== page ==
More broadly, you might consider topics that are addressed by the national Teaching Excellence Framework, which draws on the UK Quality Code for Higher Education; you might cite from the accompanying QAA guides on topics such as assessment, teaching and learning, enabling student achievement or student engagement. Do remember that these national directives are very broad and, if you choose to cite them, you should take care to make a persuasive link to your own local project in the Cambridge Education context.

Previously, project teams have found it hard to gather feedback from students at the end of the project, as they may have left the University or be otherwise occuped with their final assessment tasks. This year we are strongly encouraging ongoing evaluation and reflection across the course of your project, so would advise planning for regular evaluation. This might take the form of student feedback about the project aims early in the project's development, peer evalutaion by colleages, or some other evaluation method that suits your particular project.

It is generally good practice to work with a team. The benefits include having colleages to share the workload, to brainstorm with, and to help write up findings. It also means that the whole project won't necessarily collapse if one team member is unable to continue with it for any reason! This year we are encouraging teams, and would also welcome postdocs and student partners in the project teams. Just keep in mind that the project leader should be someone who has a contract with the University that covers at least the lifetime of the project.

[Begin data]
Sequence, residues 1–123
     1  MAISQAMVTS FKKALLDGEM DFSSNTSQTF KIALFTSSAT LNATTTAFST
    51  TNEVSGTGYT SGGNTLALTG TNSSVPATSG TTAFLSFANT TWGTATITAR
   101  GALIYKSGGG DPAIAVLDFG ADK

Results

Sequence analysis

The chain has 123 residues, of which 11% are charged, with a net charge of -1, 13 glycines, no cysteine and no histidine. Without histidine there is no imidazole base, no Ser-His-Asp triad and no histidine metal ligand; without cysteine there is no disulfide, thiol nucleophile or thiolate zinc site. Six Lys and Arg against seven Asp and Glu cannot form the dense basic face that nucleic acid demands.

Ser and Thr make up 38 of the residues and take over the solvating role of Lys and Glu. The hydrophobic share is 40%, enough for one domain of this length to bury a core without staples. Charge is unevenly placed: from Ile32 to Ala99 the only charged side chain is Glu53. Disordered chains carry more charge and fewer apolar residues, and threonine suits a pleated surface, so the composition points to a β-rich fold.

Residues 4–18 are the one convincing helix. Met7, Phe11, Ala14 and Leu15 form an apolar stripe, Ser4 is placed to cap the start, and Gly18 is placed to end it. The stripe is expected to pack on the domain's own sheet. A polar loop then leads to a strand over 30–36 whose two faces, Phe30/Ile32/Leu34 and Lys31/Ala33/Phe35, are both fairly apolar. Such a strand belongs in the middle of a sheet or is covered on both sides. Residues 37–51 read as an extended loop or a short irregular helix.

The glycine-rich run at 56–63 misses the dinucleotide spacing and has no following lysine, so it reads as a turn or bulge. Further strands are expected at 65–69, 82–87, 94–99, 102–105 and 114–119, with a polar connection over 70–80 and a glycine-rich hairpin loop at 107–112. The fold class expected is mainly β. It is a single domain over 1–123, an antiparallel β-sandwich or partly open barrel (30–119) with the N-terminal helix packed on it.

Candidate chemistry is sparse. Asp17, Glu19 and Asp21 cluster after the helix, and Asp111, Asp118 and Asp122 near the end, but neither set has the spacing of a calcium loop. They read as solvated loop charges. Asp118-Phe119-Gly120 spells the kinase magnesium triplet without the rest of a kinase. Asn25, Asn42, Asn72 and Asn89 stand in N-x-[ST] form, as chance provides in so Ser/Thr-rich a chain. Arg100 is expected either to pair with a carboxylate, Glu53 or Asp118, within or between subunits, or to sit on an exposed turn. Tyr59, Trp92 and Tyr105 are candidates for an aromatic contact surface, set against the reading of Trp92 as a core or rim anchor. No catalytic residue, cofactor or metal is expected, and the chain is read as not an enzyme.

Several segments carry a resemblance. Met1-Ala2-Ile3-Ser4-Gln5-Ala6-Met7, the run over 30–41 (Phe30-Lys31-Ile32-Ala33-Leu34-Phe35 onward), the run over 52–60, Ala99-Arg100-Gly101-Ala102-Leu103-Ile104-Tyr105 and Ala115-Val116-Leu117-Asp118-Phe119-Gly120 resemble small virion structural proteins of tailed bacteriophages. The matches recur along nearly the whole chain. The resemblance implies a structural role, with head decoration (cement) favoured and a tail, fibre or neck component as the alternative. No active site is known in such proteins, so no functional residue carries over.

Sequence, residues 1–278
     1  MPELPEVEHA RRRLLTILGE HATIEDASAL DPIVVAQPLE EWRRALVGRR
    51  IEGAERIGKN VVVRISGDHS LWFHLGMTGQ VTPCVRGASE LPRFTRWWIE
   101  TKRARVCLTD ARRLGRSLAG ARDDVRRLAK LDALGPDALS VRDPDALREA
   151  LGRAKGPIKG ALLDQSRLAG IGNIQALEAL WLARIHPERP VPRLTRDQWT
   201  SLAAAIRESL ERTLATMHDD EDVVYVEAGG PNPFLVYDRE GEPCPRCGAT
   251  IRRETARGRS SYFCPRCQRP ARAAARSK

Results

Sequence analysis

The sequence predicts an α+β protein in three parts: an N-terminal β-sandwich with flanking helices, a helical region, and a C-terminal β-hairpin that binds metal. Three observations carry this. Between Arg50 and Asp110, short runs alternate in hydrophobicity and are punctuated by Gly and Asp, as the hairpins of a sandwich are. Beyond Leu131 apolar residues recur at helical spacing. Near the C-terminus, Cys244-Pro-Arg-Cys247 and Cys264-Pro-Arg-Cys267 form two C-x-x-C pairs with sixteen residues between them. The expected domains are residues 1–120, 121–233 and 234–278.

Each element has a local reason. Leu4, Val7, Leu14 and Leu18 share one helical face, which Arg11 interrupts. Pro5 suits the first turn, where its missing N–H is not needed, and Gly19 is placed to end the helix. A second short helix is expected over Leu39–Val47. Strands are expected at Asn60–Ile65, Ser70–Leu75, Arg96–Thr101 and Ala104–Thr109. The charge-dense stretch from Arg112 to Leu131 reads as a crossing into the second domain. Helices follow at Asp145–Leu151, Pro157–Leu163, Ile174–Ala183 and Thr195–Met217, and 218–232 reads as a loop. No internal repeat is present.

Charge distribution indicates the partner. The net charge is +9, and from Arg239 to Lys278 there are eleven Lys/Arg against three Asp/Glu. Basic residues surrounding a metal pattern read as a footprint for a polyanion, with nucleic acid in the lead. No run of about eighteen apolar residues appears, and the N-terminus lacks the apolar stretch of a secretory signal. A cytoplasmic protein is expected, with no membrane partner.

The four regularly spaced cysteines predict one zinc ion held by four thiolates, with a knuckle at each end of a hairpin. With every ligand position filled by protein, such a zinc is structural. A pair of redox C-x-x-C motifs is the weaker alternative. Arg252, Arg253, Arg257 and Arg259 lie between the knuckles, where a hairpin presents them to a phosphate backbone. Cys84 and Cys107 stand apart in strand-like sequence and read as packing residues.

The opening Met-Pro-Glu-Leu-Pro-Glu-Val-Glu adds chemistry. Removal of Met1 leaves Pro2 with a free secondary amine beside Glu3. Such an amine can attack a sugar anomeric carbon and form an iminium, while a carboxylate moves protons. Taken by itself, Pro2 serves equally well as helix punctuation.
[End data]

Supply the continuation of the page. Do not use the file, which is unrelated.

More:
Originally, we did not plan to fund teaching relief, as this seemed contrary to the Fund's key purpose of supporting and enhancing teacing practices. However, we do recognise that teaching schedules can be very intensive and that teaching workloads can prevent the development of innovative projects that would actually enhance teaching and learning practices. So this year we will consider funding teaching relief as long as a strong rationale for this is clearly spelled out in the project application.

Yes, it's okay if you can't name the specific person who might be funded to help with the project development, but do include details about the role: the expertise that the role-holder will bring, and the level at which they might be hired and paid. We don't require on-costing (e.g. NI contributions) or completion of an X5 as part of your application, but bear in mind that if you do not include these costs in your bid they may end up being shouldered by the Department.

It's great if you plan to include students in your project team, or as part of the project development, and we do appreciate that you can't plan too far ahead for specific cohorts. Just make sure that you describe the student type and the rationale for their inclusion. You might issue invitations in advance but allow for some leeway in take-up closer to the project commencement. Remember that although award winners will be announced in May 2019, the funding won't be formally transferred to the project team's accounts until after this point, so late June is probably an appropriate starting point.

You can reach out to UIS for advice about the technological requirements: you may call them directly with a brief technical question, or email Mark Chaney or Andy Kent about more complex issues. It is particularly important to ensure you have asked for advice about any planned integration with University systems (such as installation of a Moodle plugin), because there may be additional issues to consider that could impact your project implementation.

Teaching & Learning Newsletter

Stay informed of upcoming events and hear about innovative practices across the university by subscribing to our newsletter.

Check out the latest issue.